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Organizations

 

Lithuanian Traditional Karate Association

LTKA

 

In 2002. January 28. was of Lithuanian Traditional Karate Association Constituent Assembly. It was attended by Giedrius Dranevičius, Marius Kliauza, Rytis Bublevičius, Jurate Dranevičienė and Norbert Motiejunas. At the meeting it was decided to establish a Lithuanian Traditional Karate Association confirm LTKA statutes. LTKA elected president Giedrius Dranevičius. Presidium members elected Norbert Motiejunas, Marius Kliauza, Rytis Bublevičius, Secretary General - Jurate Dranevičienė. In 2002. 6 May. LTKA officially registered in the Republic of Lithuania, the Ministry of Justice. In 2002. October LTKA adopted by the International Traditional Karate Federation (ITKF) and European Traditional Karate Federation (ETKF) and recognized as the only official, legitimate representative of traditional karate in Lithuania. LTKA changed by the time of traditional Karate Lithuania representing the Lithuanian Traditional Karate-do Federation.
In 2003. LTKA for the first time in the Baltic countries, organized by the European Traditional Karate Championship.
In 2006. December. LTKA general club meeting G. Dranevičius appointed for a second term to lead LTKA. LTKA Presidium members re-elected Norbert Motiejunas, Marius Kliauza, Rytis Bublevičius.

 

 

 

 

 

Internatiol Traditional Karate Federation

 ITKF

 

 

In the late 1950s, worldwide interest in Karate prompted many countries to invite instructors from Japan. Since there were a limited number of available Japanese instructors, many areas of the world developed their own forms of "new" karate.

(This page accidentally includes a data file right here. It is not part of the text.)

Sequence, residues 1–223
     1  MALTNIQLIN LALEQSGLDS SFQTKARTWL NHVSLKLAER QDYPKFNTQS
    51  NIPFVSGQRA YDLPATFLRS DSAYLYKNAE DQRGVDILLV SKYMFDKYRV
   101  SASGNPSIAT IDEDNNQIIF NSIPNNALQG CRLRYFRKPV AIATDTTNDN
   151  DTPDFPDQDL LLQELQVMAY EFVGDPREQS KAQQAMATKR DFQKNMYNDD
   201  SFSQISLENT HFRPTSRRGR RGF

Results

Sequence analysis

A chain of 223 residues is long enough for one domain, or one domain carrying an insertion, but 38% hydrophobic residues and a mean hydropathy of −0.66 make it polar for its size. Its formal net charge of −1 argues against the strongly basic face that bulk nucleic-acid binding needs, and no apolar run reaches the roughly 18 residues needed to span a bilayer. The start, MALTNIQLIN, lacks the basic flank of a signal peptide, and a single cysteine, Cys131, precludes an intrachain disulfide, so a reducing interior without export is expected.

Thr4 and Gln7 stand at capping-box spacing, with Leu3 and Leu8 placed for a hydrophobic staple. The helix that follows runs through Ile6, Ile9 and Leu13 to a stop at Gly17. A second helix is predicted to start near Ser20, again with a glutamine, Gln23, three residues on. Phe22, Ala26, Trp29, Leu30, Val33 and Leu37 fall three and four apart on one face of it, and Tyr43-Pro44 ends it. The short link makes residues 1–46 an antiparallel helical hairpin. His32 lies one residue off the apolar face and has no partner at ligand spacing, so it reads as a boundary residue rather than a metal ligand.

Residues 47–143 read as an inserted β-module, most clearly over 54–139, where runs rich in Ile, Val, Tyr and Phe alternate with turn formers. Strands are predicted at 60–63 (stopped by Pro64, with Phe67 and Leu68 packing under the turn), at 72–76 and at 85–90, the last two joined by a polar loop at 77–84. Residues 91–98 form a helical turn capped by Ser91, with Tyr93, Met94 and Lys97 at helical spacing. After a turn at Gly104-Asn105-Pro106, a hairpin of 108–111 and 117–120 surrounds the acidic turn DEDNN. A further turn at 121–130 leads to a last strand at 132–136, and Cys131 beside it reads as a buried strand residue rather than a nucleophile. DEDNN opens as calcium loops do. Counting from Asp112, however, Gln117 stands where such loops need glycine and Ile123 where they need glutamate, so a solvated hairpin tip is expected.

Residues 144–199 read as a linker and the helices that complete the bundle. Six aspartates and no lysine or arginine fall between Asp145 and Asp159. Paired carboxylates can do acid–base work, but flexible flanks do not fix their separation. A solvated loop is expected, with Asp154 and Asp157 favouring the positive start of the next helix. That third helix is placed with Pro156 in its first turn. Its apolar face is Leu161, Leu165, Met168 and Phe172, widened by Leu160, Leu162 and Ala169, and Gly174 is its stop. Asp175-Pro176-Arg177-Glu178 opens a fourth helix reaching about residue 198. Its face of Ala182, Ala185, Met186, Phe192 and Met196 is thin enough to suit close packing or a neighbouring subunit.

In the public mind, original karate as practiced in Japan became known as Traditional Karate while the variations later developed in different parts of the world became known as new karate.

 

Traditional Karate, as an art of self-defense, evolved in Japan over many years. Its technical base is founded on the Okinawan principle of "Tode", which itself is based an "Chonfa", the fighting art of China, a weaponless form of self-defense. Its philosophical base is Japanese "Budo" which is common to many Japanese martial arts. The combination of Okinawan fighting forms and Japanese Budo philosophy eventually became Traditional Karate. Central to the technical structure of Traditional Karate is the concept of "Todome-waza" or finishing blow whereby a single technique totally disables an opponent. This high technical proficiency makes Traditional Karate a form of high art.

 

Since Traditional Karate training involves the dynamic use af the total body, the physical benefits are of the highest quality. While Traditional Karate strives to develop the whole person, it also benefits the mental and emotional states, providing for overall equilibrium and stability of emotions. The ultimate goal of training in Traditional Karate is not merely the perfection of fighting skills, but rather the total development of the human character where fighting is no longer necessary.

In 1993, the 101st IOC Session (General Meeting) specified that Traditional Karate is the discipline which is practiced by the ITKF and governed by its rules. At this time "Traditional Karate" was differentiated from other "karate" disciplines. Therefore, that form of karate which is practiced and governed by the rules and regulations of the ITKF is the only officially recognized "Traditional Karate" much the same way that IOC recognized swimming as practiced under international swimming rules is distinguished from general forms of swimming.

ITKF Competition Rules are based on the "Shiai" of "Budo". Shiai directly translates to "testing each other" which means that the purpose of two individuals competing against each other is to mutually develop their skills and not merely to see who defeats the other. Mutual Respect for each other is a fundamental principle of such Traditional Karate competitions. Technical development is gained through continuous Dojo (martial arts gym) training in "Traditional Karate" fundamentals which are then incorporated into competition.

 

 

 

 

 

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